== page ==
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ERIC Number: ED106021
Record Type: Non-Journal
Publication Date: 1975-Mar-29
Pages: 44
Abstractor: N/A
Reference Count: N/A
Ecological Correlates of Inmigration to Nonmetropolitan Areas.
Eisenberg, Michael
The following four hypotheses were tested: (1) nonmetropolitan areas with the highest percentages employed in industry in 1960 will experience the greatest inmigration between 1965-70; (2) those with a high percentage employed in agriculture will experience the lowest amounts of inmigration; (3) those areas with small farm size and low farm income in 1960 will experience low inmigration rates; and (4) nonmetropolitan areas close to metropolitan centers will experience the highest rates of inmigration. Employing the nonmetropolitan State Economic Area (SEA) unit and utilizing U.S. census data, migration rates were calculated for each of the nonmetropolitan SEA's in Texas, Louisiana, Oklahoma, and Arkansas. Total inmigration, inmigration from the nonmetropolitan and metropolitan SEA's, and net migration were calculated for the population 5 years and older in 1970. Some results were: positive correlation between inmigration and net migration and percent employed in industry but negative correlation between inmigration and net migration and percent employed in agriculture; negative correlation between inmigration and agriculture regardless of size of farm; and positive correlation between net migration and proximity to large Standard Metropolitan Statistical Areas. (JC)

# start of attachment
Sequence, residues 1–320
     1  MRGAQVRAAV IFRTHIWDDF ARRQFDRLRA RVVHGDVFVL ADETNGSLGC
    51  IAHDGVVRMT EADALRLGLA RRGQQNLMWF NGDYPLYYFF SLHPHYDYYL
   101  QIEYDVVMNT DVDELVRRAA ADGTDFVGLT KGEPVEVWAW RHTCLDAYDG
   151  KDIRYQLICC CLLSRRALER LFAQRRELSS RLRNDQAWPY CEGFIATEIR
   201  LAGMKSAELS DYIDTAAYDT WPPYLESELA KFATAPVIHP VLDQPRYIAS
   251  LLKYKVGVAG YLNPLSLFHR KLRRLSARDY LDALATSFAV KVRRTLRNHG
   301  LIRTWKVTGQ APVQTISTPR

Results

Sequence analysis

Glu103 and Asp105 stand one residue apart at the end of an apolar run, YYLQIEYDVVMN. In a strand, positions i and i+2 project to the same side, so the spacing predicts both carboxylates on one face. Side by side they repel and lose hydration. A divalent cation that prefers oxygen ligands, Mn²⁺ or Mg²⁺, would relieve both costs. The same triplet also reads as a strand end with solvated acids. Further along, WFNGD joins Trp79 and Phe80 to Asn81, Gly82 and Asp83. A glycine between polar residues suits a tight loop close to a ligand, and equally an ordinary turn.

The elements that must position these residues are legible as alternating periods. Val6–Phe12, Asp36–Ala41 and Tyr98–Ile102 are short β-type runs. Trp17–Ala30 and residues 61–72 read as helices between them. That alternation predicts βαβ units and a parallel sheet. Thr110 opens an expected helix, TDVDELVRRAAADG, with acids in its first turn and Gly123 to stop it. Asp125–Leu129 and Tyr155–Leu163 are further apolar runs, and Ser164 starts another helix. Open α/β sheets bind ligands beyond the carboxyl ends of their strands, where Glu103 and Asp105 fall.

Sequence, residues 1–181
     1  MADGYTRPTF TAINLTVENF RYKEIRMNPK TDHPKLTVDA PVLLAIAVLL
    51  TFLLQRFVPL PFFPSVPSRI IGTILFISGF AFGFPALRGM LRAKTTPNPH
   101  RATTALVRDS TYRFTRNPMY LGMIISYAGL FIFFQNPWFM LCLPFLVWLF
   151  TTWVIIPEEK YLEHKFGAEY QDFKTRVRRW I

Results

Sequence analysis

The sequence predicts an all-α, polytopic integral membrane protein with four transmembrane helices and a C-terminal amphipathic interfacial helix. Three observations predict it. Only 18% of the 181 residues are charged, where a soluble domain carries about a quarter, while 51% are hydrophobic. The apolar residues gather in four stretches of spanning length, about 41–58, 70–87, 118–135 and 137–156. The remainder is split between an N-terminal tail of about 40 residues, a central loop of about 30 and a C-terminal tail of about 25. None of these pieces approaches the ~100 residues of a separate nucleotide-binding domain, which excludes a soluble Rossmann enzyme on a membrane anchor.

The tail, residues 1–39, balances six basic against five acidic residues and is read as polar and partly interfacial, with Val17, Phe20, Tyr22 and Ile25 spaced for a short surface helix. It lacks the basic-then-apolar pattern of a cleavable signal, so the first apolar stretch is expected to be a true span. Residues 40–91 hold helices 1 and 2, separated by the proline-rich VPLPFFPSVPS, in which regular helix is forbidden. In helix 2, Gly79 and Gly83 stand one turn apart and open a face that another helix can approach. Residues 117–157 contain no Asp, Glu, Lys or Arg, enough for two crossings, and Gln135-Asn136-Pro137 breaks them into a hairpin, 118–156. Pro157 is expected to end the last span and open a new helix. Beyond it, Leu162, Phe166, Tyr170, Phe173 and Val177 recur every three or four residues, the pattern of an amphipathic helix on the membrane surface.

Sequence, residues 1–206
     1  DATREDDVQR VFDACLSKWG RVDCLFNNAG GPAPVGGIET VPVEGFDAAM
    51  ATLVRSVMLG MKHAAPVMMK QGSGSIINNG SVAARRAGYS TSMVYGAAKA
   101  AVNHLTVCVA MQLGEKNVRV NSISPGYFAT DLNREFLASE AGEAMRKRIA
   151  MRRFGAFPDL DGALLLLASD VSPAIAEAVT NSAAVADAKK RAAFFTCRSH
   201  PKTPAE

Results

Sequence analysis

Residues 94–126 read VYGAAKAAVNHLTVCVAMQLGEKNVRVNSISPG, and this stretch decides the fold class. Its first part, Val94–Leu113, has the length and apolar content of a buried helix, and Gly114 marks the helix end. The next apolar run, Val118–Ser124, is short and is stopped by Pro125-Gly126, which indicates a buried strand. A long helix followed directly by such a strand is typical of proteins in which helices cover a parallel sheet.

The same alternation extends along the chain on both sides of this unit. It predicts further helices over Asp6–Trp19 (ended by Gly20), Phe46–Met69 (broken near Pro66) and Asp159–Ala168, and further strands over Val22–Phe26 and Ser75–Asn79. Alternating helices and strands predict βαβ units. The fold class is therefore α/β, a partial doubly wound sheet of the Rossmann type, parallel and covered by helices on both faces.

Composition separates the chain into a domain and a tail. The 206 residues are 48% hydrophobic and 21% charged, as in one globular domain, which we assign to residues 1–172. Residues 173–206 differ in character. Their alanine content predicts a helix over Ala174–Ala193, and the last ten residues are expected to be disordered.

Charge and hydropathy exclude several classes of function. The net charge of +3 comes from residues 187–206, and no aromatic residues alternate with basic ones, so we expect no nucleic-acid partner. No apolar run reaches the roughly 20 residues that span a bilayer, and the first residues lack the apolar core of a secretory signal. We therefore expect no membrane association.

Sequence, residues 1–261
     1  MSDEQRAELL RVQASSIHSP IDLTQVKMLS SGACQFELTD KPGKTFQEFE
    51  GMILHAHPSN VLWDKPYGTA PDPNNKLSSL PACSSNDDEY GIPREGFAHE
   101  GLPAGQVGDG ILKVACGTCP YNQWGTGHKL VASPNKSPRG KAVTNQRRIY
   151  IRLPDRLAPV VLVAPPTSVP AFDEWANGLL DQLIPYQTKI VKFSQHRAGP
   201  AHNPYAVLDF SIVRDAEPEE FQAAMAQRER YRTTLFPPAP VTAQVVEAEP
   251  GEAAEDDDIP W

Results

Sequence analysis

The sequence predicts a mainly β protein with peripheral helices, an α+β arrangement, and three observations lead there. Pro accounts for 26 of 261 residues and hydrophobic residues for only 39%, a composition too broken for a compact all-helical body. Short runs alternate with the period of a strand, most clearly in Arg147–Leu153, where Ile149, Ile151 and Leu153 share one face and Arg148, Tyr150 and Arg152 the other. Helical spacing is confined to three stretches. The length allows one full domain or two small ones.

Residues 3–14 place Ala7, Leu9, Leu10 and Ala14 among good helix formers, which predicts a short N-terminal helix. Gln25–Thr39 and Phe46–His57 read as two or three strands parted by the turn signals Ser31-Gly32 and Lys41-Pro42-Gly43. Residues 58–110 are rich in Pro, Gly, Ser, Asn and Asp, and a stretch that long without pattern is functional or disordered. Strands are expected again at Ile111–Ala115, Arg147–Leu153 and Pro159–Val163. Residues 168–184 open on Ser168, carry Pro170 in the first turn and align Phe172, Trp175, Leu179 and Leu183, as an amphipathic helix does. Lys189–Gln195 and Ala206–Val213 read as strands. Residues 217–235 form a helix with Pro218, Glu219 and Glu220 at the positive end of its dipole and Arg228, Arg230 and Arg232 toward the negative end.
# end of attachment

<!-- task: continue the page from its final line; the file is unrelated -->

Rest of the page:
Publication Type: Reports - Research
Education Level: N/A
Audience: N/A
Language: N/A
Sponsor: N/A
Authoring Institution: N/A